Equality and diversity is so much more than just “treating everyone the same” …

Equality and diversity enhances everyday life and simple changes to normal activities can ensure all individuals are included and given equal opportunities to achieve. Our newsletter offers updates on E&D, Safeguarding, Prevent Duty, Mental Health Awareness, and Health and Safety, as either found in the news or highlighted as our topic of the month.

In this issue:

  • Equality and Diversity in the News
  • Prevent Duty
  • Safeguarding and Mental Health Awareness
  • Health and Safety


Equality and Diversity in the News

Acceptance of people with disabilities has been a hot topic especially in the media as River Island has included a young boy with down’s syndrome in their kids range. The Customer director Josie Cartridge has stated that they want to support inclusivity and they hope that by being more inclusive they can help achieve wider acceptance for people with disabilities.

Keeping with the media/modelling theme, a girl with down’s syndrome landed a modelling contract after her mums Facebook post went viral, Kate Grant was then selected to walk the catwalk at Belfast fashion week. Both stories help to dispel the myth that those with disabilities can’t be successful in the fashion industry.


The Independent reported on the large gaps in income and living standards between different ethnic groups, for example Bangladeshi households bring in on average £8900 less than the average white British household, Pakistani households bring in on average £8700 less than the average white British household.

Similarly, the gaps in pay and employment opportunities for women has been estimated to take 217 years to close which has increased from the 170 years that was calculated in 2016.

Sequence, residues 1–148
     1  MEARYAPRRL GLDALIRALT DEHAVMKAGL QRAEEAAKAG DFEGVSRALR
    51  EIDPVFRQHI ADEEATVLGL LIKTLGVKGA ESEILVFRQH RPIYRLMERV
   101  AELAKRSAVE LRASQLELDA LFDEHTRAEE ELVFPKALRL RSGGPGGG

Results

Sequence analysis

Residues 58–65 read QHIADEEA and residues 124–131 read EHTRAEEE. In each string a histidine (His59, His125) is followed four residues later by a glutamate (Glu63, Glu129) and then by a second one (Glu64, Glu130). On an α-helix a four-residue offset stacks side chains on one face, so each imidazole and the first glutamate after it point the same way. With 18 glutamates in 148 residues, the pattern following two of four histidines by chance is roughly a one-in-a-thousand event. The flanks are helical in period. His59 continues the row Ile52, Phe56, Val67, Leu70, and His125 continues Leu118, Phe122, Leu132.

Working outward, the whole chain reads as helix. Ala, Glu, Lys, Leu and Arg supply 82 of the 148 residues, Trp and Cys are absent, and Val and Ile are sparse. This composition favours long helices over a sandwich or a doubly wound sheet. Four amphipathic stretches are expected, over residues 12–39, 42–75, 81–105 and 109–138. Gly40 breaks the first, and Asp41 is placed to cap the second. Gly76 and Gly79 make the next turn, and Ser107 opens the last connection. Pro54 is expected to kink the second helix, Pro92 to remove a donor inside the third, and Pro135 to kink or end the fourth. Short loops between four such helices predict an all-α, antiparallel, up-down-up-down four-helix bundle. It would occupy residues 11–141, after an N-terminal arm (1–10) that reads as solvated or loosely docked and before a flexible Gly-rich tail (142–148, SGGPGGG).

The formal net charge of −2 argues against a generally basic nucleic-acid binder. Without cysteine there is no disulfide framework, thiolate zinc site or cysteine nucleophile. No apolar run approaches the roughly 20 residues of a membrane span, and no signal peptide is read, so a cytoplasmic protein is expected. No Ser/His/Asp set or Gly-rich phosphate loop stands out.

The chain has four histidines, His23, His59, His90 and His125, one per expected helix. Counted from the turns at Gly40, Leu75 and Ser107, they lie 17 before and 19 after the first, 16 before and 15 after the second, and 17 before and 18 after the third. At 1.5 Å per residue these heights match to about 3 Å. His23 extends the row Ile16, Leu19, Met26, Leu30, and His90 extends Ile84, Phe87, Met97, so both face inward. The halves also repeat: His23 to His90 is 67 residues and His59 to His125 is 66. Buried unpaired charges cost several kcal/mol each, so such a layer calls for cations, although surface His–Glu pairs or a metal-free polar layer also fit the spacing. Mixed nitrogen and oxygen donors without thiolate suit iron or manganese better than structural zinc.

The Prevent Duty

Along with schools and colleges being provided with Prevent training Wolverhampton University will be the first that also provides this training to students before they go into any health-related placement. This training will enable students to recognise vulnerabilities that could leave people susceptible to radicalisation.


This is a huge step for the Prevent Duty as nurses and those in the health care sector are often heavily involved in safeguarding those that are likely to be vulnerable.


The BBC has reported that the number of Prevent referrals from the public has doubled in four months increasing from 100 to 200 referrals. In total there were around 6,300 referrals to Prevent in 2016-17 however only 1 in 10 came from the public. The leader of the Prevent Strategy, Simon Cole, stated that they wanted to encourage more people to report anything that they thought was suspicious particularly if it is seen in friends or family as it is often easier for them to spot a change in someone’s behaviour but harder for them to come forward and report it. This is what Simon wants to change if we as a country are going to successfully stop radicalisation of vulnerable people.


Prevent and Channel

Part of the prevent strategy is Channel, this is where the police work with public bodies such as school, NHS staff or local councils to identify those that are at risk of being drawn into terrorism, assess the risk they might be and then develop tailored support for those that have been referred. Not everyone that is referred to Channel is deemed suitable for the programme, there is a filtering process as some people that get referred may not really be at risk or may have been wrongly or maliciously referred. Channel is about helping those that are at risk channelling their energy into something other than radicalised behaviour.